Beginning in December 2018, three children died in Border Patrol custody during a six-month period.21 The summaries of the inquiries into these deaths skirted blame, and when Congress instructed both the DHS OIG and CBP to more thoroughly report and investigate all deaths in custody, the OIG once again took the easy way out.22 While the review conducted by CBP’s Office of Professional Responsibility included 55 deaths, the OIG reviewed only five, and ultimately included no recommendations.23

IG Cuffari’s office also declined to review the shocking conduct of Border Patrol officers on horseback toward Haitian migrants in Del Rio, Texas, in the fall of 2021.24 Given DHS’s broad mandate and extraordinary law enforcement powers, it’s essential it has a functioning and effective office of the inspector general. House Homeland Security Committee Ranking Member Bennie Thompson (D-MS) and Oversight, Investigations, and Accountability Subcommittee Ranking Member Glenn Ivey (D-MD) echoed our concerns in a recent letter urging the House Homeland Security Committee to hold a hearing on the leadership and performance of the DHS OIG.25

At the SSA OIG, systemic issues at the agency have been front page news under Ennis’s leadership. These problems include difficulties restoring basic customer service in the wake of the pandemic, massive backlogs in processing disability benefit claims, and issues with claim denials.26 But also under Ennis’s tenure, the pace of audits and reports issued by the office has dramatically slowed.27 While the number of audits does not necessarily correlate to the overall quality of oversight, staff departures may be impacting the office’s ability to function. Indeed, a July 2023 letter issued by Senator Ron Wyden (D-OR), chairman of the Senate Finance Committee, expressed concerns about Ennis’s performance in light of the OIG’s critical role in overseeing the SSA’s programs and operations.28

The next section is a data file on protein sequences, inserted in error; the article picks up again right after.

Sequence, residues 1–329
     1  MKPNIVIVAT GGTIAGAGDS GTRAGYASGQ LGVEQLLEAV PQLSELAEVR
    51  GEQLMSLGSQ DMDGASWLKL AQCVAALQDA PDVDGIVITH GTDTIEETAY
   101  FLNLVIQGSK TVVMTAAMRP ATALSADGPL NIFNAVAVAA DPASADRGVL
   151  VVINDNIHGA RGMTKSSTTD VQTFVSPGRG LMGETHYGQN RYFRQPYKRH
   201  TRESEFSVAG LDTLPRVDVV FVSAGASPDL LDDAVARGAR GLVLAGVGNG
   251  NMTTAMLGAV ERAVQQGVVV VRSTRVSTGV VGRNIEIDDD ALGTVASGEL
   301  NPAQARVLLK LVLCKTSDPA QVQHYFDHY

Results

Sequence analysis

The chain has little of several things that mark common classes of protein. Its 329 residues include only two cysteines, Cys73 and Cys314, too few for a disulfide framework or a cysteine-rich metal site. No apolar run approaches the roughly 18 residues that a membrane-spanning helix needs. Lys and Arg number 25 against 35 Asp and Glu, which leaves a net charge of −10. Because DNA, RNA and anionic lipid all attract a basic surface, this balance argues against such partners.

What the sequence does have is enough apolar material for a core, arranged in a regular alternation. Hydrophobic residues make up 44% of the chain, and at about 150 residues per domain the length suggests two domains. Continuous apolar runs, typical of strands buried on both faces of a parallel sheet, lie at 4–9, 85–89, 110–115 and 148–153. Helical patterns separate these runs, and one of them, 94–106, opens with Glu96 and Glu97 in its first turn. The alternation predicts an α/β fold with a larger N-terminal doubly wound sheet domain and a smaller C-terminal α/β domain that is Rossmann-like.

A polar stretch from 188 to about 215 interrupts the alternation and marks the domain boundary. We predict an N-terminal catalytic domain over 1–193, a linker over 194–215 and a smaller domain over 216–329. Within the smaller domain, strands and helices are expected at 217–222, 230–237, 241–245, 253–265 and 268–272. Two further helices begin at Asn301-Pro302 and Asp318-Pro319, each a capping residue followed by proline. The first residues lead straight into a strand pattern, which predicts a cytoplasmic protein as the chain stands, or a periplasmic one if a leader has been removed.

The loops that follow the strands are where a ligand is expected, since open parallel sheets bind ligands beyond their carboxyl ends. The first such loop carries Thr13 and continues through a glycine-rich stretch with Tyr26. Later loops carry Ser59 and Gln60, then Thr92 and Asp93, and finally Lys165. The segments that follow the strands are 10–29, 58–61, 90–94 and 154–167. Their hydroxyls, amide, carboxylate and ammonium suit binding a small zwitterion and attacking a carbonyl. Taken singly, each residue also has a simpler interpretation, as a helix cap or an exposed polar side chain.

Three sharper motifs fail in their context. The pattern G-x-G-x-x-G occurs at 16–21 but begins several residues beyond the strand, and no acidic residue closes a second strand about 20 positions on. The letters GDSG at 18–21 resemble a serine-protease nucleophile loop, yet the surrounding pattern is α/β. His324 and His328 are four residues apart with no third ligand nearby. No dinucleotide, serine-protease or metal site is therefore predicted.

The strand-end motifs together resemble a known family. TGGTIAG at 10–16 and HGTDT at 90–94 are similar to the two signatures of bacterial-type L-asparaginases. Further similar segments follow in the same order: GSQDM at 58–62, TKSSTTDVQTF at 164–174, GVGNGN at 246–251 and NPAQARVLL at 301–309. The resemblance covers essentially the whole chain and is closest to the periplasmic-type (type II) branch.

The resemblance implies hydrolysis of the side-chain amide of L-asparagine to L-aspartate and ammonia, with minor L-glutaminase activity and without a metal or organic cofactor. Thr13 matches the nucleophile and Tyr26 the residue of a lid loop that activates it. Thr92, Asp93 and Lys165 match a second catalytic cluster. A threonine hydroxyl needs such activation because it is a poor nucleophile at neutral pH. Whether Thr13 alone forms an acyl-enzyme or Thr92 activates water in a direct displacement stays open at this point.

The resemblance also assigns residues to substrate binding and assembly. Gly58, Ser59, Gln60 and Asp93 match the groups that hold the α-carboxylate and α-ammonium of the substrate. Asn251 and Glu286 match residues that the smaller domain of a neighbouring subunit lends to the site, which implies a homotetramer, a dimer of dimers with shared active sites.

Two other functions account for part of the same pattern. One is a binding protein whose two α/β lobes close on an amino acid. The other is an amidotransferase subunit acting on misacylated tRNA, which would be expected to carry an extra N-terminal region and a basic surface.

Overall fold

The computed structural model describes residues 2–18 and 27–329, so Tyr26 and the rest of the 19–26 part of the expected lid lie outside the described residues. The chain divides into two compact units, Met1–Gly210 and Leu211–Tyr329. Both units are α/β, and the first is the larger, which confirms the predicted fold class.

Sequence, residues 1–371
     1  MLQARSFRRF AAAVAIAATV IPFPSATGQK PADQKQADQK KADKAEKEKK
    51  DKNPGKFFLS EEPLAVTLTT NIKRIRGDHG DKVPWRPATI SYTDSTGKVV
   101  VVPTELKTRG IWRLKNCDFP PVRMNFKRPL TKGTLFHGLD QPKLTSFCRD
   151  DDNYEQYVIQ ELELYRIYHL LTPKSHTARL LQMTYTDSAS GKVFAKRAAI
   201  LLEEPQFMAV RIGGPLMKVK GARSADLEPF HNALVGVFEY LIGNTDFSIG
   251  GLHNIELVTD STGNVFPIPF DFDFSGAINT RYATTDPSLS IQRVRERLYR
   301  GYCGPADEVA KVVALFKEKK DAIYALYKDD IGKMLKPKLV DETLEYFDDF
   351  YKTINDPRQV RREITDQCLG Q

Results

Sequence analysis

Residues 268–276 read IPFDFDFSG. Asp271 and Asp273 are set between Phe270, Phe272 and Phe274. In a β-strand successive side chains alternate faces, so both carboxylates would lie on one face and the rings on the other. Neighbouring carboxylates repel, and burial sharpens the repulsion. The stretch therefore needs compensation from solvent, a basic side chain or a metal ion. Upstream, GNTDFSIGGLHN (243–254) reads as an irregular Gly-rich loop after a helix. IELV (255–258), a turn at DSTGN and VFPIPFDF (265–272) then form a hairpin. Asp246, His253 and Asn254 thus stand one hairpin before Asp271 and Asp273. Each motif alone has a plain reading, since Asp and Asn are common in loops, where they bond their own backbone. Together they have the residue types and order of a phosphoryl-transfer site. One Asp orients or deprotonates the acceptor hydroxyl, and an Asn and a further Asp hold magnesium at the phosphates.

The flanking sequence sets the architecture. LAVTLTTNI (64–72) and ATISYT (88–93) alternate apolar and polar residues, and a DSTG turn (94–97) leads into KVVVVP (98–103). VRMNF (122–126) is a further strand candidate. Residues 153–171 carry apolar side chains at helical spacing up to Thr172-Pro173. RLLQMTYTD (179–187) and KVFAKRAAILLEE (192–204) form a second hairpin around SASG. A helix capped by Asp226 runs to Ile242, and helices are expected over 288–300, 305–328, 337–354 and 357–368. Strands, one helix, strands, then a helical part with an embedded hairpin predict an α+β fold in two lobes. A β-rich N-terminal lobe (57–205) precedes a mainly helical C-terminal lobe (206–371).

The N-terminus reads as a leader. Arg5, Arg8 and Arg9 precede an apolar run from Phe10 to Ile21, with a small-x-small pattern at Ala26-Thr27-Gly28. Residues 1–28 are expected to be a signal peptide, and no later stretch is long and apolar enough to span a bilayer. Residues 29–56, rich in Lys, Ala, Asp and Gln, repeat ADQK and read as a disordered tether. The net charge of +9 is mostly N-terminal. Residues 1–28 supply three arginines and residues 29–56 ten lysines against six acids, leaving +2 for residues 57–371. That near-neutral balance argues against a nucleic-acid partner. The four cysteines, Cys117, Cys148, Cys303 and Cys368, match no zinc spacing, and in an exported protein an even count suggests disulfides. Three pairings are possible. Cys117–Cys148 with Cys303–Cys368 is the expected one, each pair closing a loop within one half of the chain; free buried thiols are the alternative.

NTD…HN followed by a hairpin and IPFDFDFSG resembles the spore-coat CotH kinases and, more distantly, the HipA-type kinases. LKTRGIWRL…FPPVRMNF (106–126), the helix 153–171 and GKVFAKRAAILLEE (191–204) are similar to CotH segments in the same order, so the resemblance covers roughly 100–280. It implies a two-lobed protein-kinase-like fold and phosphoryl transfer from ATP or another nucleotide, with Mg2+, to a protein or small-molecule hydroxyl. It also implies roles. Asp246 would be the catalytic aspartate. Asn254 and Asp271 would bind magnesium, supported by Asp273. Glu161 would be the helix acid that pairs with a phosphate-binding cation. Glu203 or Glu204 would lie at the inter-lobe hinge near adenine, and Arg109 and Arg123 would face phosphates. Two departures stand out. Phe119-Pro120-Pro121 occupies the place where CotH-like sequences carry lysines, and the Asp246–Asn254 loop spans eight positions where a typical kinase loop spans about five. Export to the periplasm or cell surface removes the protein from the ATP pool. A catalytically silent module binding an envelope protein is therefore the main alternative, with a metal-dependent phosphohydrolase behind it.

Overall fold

POGO has worked for decades to fund and improve the inspector general system so those watchdogs are able to fulfill their critical mission of detecting and deterring waste, fraud, and abuse across the federal government. We strongly believe that the oversight system as conceived in the Inspector General Act of 1978 only works in the best interests of the people if inspectors general themselves are held to the highest standards of accountability. Anything short of that jeopardizes the effectiveness of all inspectors general and the health of their affiliated federal agencies or designated federal entities. Inspectors General Cuffari and Ennis represent a pattern of harm, disfunction, and broken trust.

The American public deserves a strong and robust federal government, free from abuse of power, misconduct, and malfeasance. Achieving this goal means supporting and improving the inspector general system — which POGO has done for decades — and removing bad watchdogs who are unable or unwilling to perform their duties.

Mr. President, your lack of action is causing harm to the federal employees who work in these inspectors general offices and the agencies they oversee, as well as members of the public served by those agencies. I urge you to quickly remove DHS IG Cuffari and SSA IG Ennis.


Danielle Brian
Executive Director